Brooklyn Family Court celebrates Hispanic Heritage Month
The Kings County Family Court held its sixth annual Hispanic Heritage Month celebration at the courthouse in Downtown Brooklyn on Thursday.
This year’s theme followed the national theme of “One Endless Voice to Enhance Our Traditions,” and the court invited professor Nilsa Santiago, who teaches at John Jay College of Criminal Justice, to speak about the importance of language in bonding the Hispanic community.
“This is an apt theme when talking about so many people whose traditions encompass a wonderful plethora of cultures from different parts of the world,” said Supervising Judge Amanda White. “Without a doubt, Latinos have played an important role in shaping this city, in shaping this country and in shaping this court.
“We are honored to celebrate such a rich heritage,” Judge White continued. We’re also proud that our court reflects our diversity within our ranks, which includes our judges, our attorneys, our officers, our clerks and other court staff.”
Professor Santiago’s speech focused on the commonality of the Spanish language amongst Hispanic people. She explained how Spanish is often more comfortable for her, and in fact delivered most of her speech in Spanish.
“There is something that just feels right about the mother tongue,” Santiago said. “I lecture at church on certain Sundays in English, but on those Sundays when I’m not assigned to lecture in English, I find myself drawn to the Spanish mass, and that’s where you’ll find me.
“Our Spanish language is the tide that binds us,” she continued. “Spanish is at the very heart of our Hispanic identity. In keeping our language, we most authentically access and promote our traditions and the many aspects of our very rich and very beautiful Hispanic culture.”
The event was organized with the help of the Hispanic Heritage Month Committee co-Chairs Hon. Javier E. Vargas and Hon. Jacqueline D. Williams, who both dressed up along with other members of the committee in traditional clothing from their home countries.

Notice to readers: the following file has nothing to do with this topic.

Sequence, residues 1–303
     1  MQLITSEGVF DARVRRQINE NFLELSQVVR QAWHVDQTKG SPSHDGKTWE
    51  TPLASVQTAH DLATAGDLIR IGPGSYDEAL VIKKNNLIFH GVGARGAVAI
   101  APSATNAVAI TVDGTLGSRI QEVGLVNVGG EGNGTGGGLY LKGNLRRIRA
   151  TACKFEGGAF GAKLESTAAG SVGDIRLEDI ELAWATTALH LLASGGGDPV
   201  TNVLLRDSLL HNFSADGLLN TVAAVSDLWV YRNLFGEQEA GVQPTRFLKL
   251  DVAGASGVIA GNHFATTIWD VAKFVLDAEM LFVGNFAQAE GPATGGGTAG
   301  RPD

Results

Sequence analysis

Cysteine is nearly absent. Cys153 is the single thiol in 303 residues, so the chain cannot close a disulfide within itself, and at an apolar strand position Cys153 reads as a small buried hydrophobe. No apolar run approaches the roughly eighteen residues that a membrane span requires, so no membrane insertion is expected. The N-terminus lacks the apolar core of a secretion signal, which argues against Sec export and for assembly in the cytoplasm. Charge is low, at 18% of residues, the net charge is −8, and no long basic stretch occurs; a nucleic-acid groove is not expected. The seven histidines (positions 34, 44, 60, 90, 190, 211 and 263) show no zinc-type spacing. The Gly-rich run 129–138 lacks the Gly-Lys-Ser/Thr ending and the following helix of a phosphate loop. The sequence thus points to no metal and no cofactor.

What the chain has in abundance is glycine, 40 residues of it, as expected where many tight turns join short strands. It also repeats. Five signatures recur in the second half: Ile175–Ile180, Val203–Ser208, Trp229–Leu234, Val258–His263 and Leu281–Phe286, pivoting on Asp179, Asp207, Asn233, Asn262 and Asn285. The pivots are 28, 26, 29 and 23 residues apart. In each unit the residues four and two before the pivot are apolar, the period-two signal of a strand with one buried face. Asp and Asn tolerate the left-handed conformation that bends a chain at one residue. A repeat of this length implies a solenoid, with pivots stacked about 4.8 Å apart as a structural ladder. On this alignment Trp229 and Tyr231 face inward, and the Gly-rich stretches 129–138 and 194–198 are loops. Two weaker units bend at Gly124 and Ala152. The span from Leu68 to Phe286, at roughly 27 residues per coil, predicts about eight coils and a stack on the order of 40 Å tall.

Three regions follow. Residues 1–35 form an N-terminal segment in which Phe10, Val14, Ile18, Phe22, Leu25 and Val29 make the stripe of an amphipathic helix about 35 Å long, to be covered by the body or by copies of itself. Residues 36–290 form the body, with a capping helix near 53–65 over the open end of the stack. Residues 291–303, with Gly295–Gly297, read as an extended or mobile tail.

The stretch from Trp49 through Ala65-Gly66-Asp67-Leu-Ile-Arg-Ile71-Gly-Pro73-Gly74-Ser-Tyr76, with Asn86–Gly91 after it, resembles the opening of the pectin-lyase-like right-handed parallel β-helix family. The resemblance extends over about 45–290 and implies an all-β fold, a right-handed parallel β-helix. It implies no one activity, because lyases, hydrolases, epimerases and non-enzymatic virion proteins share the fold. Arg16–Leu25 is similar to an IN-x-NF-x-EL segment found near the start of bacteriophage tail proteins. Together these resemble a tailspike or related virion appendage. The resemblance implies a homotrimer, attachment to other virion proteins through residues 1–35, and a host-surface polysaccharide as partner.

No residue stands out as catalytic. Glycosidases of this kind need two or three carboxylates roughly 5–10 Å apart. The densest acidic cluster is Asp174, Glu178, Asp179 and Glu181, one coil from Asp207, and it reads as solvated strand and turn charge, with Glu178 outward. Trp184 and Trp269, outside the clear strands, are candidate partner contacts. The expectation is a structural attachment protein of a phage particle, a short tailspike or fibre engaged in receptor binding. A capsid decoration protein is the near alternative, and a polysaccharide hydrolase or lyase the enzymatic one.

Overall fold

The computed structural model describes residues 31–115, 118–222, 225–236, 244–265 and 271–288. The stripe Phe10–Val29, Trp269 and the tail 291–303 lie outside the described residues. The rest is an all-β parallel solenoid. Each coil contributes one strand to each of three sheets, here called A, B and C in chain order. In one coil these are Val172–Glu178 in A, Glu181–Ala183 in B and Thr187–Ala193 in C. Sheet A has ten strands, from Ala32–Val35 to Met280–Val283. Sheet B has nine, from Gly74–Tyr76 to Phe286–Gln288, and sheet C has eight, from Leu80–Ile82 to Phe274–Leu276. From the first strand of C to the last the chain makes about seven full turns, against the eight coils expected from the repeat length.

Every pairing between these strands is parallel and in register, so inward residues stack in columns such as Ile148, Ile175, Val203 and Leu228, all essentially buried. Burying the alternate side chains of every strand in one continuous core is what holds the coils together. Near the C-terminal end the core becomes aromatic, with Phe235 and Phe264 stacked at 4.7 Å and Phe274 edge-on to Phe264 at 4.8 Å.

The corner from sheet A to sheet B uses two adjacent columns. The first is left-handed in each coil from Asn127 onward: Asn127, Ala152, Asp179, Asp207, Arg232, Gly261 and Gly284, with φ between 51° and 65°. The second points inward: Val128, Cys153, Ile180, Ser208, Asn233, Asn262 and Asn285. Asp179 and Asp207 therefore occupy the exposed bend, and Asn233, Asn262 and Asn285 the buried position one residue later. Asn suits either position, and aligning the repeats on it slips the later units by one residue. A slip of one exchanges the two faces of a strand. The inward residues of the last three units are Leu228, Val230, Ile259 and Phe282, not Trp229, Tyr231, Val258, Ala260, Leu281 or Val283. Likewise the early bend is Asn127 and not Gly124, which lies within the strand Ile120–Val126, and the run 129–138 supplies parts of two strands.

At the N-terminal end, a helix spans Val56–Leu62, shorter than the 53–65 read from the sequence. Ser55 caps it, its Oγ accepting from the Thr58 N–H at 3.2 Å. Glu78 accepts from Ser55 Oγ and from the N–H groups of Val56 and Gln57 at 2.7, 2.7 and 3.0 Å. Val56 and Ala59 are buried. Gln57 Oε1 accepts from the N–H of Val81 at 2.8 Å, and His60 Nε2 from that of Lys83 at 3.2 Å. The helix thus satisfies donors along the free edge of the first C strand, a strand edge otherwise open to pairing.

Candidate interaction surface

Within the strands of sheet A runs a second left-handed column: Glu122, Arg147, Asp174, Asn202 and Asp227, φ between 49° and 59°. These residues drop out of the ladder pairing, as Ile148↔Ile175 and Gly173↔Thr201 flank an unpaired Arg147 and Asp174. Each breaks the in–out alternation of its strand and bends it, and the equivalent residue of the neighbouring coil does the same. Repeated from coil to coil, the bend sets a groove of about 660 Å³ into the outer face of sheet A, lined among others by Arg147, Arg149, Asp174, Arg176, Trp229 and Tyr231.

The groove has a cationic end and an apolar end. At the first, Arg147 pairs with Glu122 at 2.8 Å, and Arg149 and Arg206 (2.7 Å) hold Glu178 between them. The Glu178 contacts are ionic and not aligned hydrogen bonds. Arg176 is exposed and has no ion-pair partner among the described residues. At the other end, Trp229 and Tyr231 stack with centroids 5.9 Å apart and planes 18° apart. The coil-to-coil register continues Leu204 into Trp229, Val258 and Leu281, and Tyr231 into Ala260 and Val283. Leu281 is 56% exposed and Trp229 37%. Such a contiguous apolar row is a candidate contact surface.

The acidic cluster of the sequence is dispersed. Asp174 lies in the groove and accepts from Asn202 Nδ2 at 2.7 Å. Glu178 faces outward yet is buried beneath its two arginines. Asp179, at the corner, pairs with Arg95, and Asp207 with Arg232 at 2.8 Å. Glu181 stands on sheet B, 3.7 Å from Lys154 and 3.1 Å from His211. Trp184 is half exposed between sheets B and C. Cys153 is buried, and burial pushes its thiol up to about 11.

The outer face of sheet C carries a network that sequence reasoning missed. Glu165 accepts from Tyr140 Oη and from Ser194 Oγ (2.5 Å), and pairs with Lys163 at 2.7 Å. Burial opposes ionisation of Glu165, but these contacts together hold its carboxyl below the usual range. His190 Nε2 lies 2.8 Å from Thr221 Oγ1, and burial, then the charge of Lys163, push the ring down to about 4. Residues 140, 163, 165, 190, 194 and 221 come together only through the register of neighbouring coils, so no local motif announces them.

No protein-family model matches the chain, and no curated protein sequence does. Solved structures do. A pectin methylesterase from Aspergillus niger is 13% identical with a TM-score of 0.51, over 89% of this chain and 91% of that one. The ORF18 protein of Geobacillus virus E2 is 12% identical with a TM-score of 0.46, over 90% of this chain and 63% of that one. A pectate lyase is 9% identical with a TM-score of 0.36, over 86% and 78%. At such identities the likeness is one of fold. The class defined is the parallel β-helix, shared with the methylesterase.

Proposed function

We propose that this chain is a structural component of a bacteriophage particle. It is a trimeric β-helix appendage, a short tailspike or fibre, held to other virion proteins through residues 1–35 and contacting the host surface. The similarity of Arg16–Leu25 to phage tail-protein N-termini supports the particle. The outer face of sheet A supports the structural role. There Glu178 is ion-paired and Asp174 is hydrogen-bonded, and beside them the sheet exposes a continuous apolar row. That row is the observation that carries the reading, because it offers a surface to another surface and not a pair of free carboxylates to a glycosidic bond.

Judge Vargas wore a straw hat and a ceremonial robe that judges in Puerto Rico wear. Judge Williams wore a molas dress inspired by the Kuna Indians from Panama. Juzmarina Desousa, Christine Fredericks and Mercedes Lokich also dressed up for the occasion.
Some of the founding members of the Latino Court Officers Society were honored, including Sgt. Jessica Hernandez, who performed the national anthem to open the ceremony; Court Officer Danny Vega; and Lt. Irma Garcia. The society is approximately one year old and was recognized for its efforts in helping assist the people of Puerto Rico following the hurricanes that hit last summer.
“I didn’t expect this acknowledgement but we’re proud to be recognized and honored,” said Sgt. Hernandez. “Since we were founded in September, we’ve already gotten 187 members — including a few people here. We are very proud of how far we have come. I’m so proud of my board, including Danny Vega. We all work very hard to try to give back and serve the community.”
Mercedes Lokich introduced a pair of dancers from Argentina, Maria Jose Sosa and Leonardo Sardella, who performed a tango and milonga dance to the songs, “Cafe Dominguez,” and “Ella Es Asi.” Their performance inspired a crowd to join them after the ceremony ended.
Judge Williams closed the event with a few final remarks and thank you’s. She echoed the sentiments of Professor Santiago in discussing language and explained how she often encourages younger family members not to give up on the Spanish language even though they now live in the United States.
“We want to thank Judge Ruiz, who has been the inspiration of this entire experience for us.
With the institutional agencies and the participants in the committee, the court officers, the support and administrative staff all contributing to this program,” Judge Williams said.
Leave a Comment
Leave a Comment